With that collapse have come yet more inconsistencies. On the one hand, the Government speak of rebuilding consumer confidence. By that they mean the beef industry recovering to the same level of sales of British beef as existed before the crisis. On the other hand, consumers are concerned about safety and the spread of BSE to their children, born and unborn. That is hardly a meeting of minds. After such a series of inconsistencies, did the Government really believe that their assurances would be believed? Obviously they did because, as my noble friend Lord Richard told us, they totally failed to anticipate the public reaction to the Minister's announcement that BSE might be transmitted to humans. The Government had no comprehensive

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contingency plan ready to be put into operation. Other noble Lords have pointed out that they had not even prepared a plan for the meat and the meat products in the pipeline. As a result, the Government were forced to react to events instead of being in control of events.

My noble friend Lord Richard rightly calls for coherence. I presume he is referring to the incoherent way in which the Government, supported by the noble Lord, Lord Poole, and other noble Lords, blame everyone except themselves for this disaster to the beef industry. First, it was the fault of the scientists because their work did not produce precise answers. However, when it was pointed out that that is usually the case in ongoing research the Government decided to blame the scaremongering on the Labour Party. When the Government realised that the Labour Party was only expressing the fears of ordinary consumers, they decided to blame the press for the scaremongering and the consumers for listening to them. Now, of course, it is the European Union's fault because it is not allowing us to put our national interest above public health. What a shambles.

What lessons can be learnt from this? First, like the noble Earl, Lord Baldwin, I believe that we must separate the interests of the consumer from MAFF. For years we have heard from many sources that MAFF is on the side of the farm and food manufacturing lobby and is less concerned about the consumer. The co-operation about which the noble Baroness, Lady Wilcox, spoke is obviously insufficient. There must be complete separation.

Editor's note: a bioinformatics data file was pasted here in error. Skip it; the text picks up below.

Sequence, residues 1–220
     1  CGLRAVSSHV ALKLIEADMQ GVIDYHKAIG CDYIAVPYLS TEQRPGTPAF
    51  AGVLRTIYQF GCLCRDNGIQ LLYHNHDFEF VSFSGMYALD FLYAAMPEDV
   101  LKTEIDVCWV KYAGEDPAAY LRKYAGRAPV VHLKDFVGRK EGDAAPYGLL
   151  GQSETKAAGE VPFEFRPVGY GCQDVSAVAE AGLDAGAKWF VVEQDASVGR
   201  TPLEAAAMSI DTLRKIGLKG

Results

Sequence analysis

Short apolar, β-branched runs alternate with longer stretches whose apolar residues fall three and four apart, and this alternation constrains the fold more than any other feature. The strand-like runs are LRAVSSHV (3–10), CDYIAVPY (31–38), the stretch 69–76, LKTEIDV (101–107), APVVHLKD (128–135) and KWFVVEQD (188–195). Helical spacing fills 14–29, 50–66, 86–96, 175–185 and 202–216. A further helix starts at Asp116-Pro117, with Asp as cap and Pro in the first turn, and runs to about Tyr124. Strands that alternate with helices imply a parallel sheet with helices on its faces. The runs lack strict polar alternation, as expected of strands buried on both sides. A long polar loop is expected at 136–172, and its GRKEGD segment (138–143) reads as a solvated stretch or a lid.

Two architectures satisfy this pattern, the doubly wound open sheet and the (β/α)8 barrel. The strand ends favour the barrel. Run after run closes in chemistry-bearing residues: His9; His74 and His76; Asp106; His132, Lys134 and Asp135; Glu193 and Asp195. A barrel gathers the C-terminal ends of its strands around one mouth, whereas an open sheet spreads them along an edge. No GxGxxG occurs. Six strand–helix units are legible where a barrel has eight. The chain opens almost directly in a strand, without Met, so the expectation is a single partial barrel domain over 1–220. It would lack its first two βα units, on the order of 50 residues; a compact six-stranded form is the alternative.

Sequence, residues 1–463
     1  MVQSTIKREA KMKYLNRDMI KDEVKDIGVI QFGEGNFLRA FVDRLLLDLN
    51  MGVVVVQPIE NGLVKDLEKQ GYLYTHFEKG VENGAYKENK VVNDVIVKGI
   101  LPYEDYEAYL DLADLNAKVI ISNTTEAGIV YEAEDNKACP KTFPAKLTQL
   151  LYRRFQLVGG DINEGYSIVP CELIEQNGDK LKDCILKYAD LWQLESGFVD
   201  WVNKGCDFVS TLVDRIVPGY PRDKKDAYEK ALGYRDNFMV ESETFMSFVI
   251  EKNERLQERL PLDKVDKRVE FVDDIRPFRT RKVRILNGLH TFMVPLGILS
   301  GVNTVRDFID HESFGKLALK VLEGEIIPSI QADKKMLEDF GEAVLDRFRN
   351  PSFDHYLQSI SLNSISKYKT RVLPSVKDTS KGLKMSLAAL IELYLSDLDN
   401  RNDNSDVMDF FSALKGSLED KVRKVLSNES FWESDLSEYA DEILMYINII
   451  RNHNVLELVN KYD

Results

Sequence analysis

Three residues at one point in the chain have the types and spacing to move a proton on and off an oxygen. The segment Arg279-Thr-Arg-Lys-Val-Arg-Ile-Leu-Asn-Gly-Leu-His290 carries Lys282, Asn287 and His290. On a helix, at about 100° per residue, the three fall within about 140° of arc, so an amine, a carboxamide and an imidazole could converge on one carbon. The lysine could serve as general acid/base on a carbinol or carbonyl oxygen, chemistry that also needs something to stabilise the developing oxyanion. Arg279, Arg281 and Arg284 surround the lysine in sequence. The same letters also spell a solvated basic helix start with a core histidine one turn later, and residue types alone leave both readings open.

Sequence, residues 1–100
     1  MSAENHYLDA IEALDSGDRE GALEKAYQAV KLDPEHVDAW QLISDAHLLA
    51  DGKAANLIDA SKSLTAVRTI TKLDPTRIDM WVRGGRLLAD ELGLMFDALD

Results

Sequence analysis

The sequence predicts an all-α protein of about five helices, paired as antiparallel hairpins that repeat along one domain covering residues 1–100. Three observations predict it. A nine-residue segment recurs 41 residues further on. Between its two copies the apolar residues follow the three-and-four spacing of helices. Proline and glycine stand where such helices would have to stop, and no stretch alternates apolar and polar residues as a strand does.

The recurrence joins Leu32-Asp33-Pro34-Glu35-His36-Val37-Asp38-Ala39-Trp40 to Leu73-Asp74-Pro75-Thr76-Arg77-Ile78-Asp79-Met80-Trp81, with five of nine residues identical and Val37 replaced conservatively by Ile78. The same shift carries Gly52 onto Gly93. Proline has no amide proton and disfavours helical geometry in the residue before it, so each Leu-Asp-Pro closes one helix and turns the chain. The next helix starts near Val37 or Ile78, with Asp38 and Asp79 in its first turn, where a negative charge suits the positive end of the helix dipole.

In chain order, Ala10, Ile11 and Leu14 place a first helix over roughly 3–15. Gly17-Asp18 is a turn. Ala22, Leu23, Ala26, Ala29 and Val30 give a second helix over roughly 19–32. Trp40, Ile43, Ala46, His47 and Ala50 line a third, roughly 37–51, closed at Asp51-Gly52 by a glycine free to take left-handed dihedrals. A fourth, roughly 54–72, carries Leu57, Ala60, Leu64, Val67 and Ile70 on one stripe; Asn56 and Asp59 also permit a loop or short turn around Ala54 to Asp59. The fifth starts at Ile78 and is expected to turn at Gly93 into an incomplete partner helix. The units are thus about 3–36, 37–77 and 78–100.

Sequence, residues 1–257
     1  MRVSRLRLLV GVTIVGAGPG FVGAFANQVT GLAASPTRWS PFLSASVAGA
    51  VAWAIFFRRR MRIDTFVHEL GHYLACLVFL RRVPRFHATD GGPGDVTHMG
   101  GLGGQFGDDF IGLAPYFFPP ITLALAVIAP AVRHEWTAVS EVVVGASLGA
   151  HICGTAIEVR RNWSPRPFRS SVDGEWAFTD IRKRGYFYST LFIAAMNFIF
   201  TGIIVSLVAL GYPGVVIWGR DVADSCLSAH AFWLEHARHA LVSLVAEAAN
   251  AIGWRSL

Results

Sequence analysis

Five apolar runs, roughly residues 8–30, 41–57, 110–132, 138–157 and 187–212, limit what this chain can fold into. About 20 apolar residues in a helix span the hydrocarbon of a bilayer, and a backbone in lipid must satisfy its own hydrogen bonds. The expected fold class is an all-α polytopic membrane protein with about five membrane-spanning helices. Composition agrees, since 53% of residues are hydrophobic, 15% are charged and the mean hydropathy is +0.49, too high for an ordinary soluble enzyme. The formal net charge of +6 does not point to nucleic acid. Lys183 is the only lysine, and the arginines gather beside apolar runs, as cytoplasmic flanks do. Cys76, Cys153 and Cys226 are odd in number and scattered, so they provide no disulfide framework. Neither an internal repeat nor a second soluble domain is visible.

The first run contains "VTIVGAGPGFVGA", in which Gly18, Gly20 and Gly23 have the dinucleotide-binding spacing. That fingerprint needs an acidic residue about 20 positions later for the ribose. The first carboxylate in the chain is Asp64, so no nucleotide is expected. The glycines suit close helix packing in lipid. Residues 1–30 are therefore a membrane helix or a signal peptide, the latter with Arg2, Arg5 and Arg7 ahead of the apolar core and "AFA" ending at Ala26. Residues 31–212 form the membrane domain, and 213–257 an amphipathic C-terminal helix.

Secondly, I had hoped that that experience would encourage the Government to work with the European Union and the Commission and that we should have a joint approach, as the noble Viscount, Lord Mountgarret, suggested. Much of this crisis is due to the Government keeping the Commission at arm's length. Sadly, it now appears that the beef industry is one more victim of the split in the Government over Europe.

Thirdly, the Government must question whether it is sustainable to produce cheap food using intensive farming methods. Part of the cost of that cheap food must now be recognised as a risk to humans because of the chemicals and other products used.

Next, I hope that the Government will become more respectful and careful of markets. It is no good blaming consumers' ease of choice, as the noble Lord, Lord Poole, did. Nowadays it is very easy for consumers to switch from one product to another. That is what the market is all about.

Finally, I agree with my noble friends Lord Winston and Lord Monkswell that we desperately need to understand more about prion-related diseases. Until fairly recently, the study of prions had little practical application. I echo the concern of the noble Lord, Lord Porter. Is our lack of knowledge due to encouraging near-market research instead of basic research? Is that ignorance the result of a short-term science policy? Also, is vertical transmission being researched properly? The noble Lord, Lord Burton, says that it is not a problem. Is he right?

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At the end of the day, we shall have to get rid of BSE, as many noble Lords have said. Unless we do so, the dispute over its danger to human health will never end.

7.22 p.m.

Lord Harlech: My Lords, I am most grateful to the noble Lord, Lord Richard, for bringing an extremely important debate to the House. There is an obvious and enormous interest in this and many other issues. They do not emanate merely from the UK but also from our European neighbours, who I fear are somewhat hiding their own light under a bushel. Indeed, the rest of the world has important lessons to learn in this respect and may possibly be pro-active. The noble Lord, Lord Haskel, seemed to imply that it is possible to foresee everything which may happen. I do not believe that that situation exists in any element of human life.

I congratulate our two maiden speakers from whom I trust that we shall hear more.

This issue is not just about the UK farming community. It is extremely important to those who supply it and who consume the products from it. As we have heard from all quarters, for those people, this is a very serious problem indeed. It involves the livelihoods of hundreds of thousands of people and is not just about the rearing and husbandry of all livestock. It concerns also dairy products; confectionery products; industry and synthesised products from industry; steel; engineering; and research and development. In all those spheres, and many more, there arise issues in relation to health and disease. Thousands of lives are involved.